Clinical course of ulcerative colitis: Frequent use of biologics and low colectomy rate first year after diagnosis-results from the IBSEN III inception cohort

Aliment Pharmacol Ther. 2024 Jun 4. doi: 10.1111/apt.18097. Online ahead of print.

Abstract

Background: The introduction of biologic therapies and the 'treat-to-target' treatment strategy may have changed the disease course of ulcerative colitis (UC).

Aims: To describe the early disease course and disease outcome at 1-year follow-up in a population-based inception cohort of adult patients with newly diagnosed UC.

Methods: The Inflammatory Bowel Disease in South-Eastern Norway (IBSEN) III study is a population-based inception cohort study with prospective follow-up. Patients newly diagnosed with inflammatory bowel disease during 2017-2019 were included. Patients ≥18 years at diagnosis of UC who attended the 1-year follow-up were investigated. We registered clinical, endoscopic and demographic data at diagnosis and 1-year follow-up.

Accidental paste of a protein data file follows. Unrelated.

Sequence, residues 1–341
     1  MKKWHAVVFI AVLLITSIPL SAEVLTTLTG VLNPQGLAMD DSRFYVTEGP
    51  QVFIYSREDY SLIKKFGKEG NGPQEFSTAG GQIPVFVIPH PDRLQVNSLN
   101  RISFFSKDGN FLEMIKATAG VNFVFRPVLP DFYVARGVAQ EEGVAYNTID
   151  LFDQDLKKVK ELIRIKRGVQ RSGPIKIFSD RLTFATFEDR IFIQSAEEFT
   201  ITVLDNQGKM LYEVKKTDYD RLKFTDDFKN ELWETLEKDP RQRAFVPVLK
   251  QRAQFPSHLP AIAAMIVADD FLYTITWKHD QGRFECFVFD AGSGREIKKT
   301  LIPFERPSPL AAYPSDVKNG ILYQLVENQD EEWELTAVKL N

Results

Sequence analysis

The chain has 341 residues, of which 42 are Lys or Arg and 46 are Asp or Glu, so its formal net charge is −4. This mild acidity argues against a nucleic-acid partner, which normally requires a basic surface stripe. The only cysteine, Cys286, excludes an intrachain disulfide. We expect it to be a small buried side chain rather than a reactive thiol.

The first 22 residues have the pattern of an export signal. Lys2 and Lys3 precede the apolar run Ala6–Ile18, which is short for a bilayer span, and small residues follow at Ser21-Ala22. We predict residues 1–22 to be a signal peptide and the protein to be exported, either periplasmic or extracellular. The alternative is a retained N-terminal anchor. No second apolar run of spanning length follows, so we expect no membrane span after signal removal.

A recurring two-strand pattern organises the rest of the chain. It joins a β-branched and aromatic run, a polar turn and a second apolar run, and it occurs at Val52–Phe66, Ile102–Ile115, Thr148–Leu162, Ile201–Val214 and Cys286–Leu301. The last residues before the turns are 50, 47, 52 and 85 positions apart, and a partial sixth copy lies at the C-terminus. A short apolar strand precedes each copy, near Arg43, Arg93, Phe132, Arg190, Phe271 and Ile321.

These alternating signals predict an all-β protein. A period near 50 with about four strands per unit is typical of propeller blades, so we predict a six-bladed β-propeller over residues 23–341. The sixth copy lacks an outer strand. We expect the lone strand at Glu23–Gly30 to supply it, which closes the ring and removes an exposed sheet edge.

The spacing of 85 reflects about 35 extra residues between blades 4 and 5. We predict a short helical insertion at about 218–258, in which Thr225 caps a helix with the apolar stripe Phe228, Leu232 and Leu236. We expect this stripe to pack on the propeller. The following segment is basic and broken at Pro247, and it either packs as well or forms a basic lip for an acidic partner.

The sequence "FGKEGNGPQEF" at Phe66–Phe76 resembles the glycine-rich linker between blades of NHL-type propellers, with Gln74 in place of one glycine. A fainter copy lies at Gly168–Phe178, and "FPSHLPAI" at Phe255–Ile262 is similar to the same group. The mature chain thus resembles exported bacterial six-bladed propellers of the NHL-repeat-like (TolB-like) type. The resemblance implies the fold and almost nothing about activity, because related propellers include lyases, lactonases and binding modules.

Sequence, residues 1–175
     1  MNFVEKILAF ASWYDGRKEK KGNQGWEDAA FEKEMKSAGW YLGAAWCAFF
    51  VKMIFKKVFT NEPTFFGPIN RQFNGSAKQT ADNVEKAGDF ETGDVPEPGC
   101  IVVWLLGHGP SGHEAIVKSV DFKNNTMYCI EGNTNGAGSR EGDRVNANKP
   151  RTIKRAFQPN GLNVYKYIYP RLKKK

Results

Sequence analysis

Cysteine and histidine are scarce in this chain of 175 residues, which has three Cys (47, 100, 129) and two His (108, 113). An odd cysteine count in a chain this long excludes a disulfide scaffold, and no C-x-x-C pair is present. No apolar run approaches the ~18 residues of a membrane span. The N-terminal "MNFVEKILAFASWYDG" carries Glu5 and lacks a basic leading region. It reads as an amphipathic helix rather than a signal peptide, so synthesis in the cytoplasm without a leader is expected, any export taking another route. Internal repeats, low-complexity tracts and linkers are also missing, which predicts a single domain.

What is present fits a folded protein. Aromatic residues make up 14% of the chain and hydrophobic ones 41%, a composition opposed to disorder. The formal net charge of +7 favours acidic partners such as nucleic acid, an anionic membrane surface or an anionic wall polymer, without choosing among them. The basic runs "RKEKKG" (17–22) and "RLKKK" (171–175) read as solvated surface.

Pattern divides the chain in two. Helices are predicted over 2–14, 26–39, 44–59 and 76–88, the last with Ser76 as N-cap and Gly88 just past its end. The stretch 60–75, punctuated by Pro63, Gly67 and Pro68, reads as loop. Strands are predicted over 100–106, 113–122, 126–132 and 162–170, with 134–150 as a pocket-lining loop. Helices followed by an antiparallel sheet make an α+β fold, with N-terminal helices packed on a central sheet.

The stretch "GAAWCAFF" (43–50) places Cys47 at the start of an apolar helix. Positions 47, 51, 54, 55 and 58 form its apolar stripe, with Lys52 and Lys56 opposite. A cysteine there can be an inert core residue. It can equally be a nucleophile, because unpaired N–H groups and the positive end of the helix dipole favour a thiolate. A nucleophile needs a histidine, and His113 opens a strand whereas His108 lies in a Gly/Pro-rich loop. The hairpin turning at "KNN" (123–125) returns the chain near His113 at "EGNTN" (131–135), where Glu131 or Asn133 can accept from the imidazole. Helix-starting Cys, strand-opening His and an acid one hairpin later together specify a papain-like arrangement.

Results: We included 877 patients with UC (median age 36 years (range: 18-84), 45.8% female). At diagnosis, 39.2% presented with proctitis, 24.7% left-sided colitis and 36.0% extensive colitis. At the 1-year follow-up, 13.9% experienced disease progression, and 14.5% had received one or more biologic therapies. The colectomy rate was 0.9%. Steroid-free clinical remission was observed in 76.6%, and steroid-free endoscopic remission in 68.7%. Anaemia and initiation of systemic steroid treatment at diagnosis were associated with biologic therapy within the first year after diagnosis.

Conclusion: In this population-based inception cohort, colectomy rate in the first year after diagnosis was low, and a high proportion of patients were in remission at 1-year follow-up. The use of biologic therapy increases, consistent with findings from previous studies.